Tuesday, April 3, 2012

Keeping Your Reader, Reading

There's something to be said for a great book that keeps you reading until the very end.

I have been reading a book, but it's sort of a "read a few pages, set it down, pick it up and read a few more pages" kind of book. I just haven't been able to wrap my mind and heart around the book; I just don't LOVE it.

I belong to a book club, and the woman in charge is having the same problem. "Just read the last two chapters," she said. I guess she said this so I could at least join in on the discussion. Or maybe she told me this because the ending was SOMETHING ELSE. I haven't read the ending yet, so I don't really know, but her comment got me to thinking.

Is it the book itself that bothers me? No, it's well written. Is it the genre? Could be. I rarely read romances.

Suffice it to say, I'm still thinking about it. 

Keeping your reader, reading, is a tricky business. The reader may have picked up your book but maybe the plot surprised them, or your writing style was just not what they'd planned on. And maybe they're reading it on an electronic device and miss the smell of the ink on the book's pages. Maybe the opposite scenario is true.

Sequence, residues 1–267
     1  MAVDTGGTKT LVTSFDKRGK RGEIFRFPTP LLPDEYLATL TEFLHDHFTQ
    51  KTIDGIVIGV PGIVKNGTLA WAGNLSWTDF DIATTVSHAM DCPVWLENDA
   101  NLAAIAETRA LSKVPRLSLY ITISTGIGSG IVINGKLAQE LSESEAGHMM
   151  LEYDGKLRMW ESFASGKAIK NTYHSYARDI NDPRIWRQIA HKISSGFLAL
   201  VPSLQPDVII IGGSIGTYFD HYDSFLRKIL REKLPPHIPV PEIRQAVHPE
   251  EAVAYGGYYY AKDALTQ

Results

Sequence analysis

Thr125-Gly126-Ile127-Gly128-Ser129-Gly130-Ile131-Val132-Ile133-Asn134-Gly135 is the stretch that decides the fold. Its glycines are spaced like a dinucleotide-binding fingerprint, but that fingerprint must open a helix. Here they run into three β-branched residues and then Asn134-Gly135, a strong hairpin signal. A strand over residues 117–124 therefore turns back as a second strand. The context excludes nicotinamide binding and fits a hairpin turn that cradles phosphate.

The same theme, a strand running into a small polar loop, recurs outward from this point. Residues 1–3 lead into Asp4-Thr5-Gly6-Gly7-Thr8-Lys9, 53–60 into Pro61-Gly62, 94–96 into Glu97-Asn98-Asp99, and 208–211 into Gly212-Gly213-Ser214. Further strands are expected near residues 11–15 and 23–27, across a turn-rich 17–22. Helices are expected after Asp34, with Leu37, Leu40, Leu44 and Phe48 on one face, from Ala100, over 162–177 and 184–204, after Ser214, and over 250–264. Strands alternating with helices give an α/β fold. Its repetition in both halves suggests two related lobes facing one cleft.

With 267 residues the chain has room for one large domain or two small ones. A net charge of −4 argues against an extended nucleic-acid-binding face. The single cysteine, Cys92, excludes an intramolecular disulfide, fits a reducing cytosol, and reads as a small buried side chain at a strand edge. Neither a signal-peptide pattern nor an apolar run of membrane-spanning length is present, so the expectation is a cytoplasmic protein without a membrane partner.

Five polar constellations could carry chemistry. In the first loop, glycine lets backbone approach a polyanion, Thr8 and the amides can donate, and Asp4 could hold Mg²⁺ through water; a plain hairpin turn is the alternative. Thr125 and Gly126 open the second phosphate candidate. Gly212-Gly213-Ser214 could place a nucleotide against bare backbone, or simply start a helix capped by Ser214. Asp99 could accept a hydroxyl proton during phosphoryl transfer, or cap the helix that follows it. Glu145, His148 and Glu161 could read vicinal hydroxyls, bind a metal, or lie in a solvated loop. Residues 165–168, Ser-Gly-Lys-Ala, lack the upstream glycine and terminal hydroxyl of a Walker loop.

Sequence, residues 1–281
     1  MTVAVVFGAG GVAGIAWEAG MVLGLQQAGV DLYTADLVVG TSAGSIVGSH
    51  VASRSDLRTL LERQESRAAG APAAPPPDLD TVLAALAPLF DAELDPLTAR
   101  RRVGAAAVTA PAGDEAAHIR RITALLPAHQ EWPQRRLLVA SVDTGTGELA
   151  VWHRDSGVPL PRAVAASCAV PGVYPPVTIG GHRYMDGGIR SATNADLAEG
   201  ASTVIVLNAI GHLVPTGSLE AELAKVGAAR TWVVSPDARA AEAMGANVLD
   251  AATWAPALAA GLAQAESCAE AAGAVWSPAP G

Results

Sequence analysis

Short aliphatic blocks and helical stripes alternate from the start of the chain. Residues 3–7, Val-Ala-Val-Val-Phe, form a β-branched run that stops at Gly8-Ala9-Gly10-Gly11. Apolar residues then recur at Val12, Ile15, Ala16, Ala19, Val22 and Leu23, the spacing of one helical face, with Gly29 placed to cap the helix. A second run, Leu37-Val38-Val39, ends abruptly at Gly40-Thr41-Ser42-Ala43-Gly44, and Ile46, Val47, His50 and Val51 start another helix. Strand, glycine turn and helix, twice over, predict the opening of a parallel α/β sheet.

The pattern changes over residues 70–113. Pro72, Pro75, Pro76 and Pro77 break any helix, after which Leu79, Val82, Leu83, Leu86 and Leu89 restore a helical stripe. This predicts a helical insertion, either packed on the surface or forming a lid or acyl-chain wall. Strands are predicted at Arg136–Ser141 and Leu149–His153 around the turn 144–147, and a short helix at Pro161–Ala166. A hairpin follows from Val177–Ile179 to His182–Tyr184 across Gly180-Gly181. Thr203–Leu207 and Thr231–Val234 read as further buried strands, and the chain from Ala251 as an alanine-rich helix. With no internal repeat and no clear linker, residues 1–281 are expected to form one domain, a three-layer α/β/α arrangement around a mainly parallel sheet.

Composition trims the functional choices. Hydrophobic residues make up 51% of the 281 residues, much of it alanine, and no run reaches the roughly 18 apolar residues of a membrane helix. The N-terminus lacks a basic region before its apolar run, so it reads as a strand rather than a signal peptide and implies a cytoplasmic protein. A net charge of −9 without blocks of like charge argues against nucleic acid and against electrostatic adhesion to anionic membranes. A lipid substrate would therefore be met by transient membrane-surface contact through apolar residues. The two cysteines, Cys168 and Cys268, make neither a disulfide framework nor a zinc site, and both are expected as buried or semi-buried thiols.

Photo by: goXunuReviews, courtesy of Flickr

I had a reviewer tell me she was "pleasantly surprised" about my book, "Conquering Your Goliaths" because it wasn't "preachy." But in this case, it was great that she didn't get what she expected. She kept reading, and I received a good review.

I like to think of readers who keep reading as family members that really care. They aren't the ones who speak nicely, but decide not call you back after you've left a message. They aren't the ones who are kind to your face, and quite another behind your back. They might be friendly, but are less likely to want to spend quality time with you.

Readers like this will never finish my books. And they will never finish yours. And it may be because they have little in common (the writing style is not something they like, or the genre is just not something they read). And this is okay.

Keeping your reader reading isn't all about a great story, but about how your reader reads and interprets it; and you have no control over that. The best thing you can do is to write what you love, do what works for you, and bless their hearts, your readers will find you and keep finding you.

They will see your work and keep reading because your work does something to them--it makes them feel, it connects them to another world, one that they understand and never want to leave.

And that's the most important thing.



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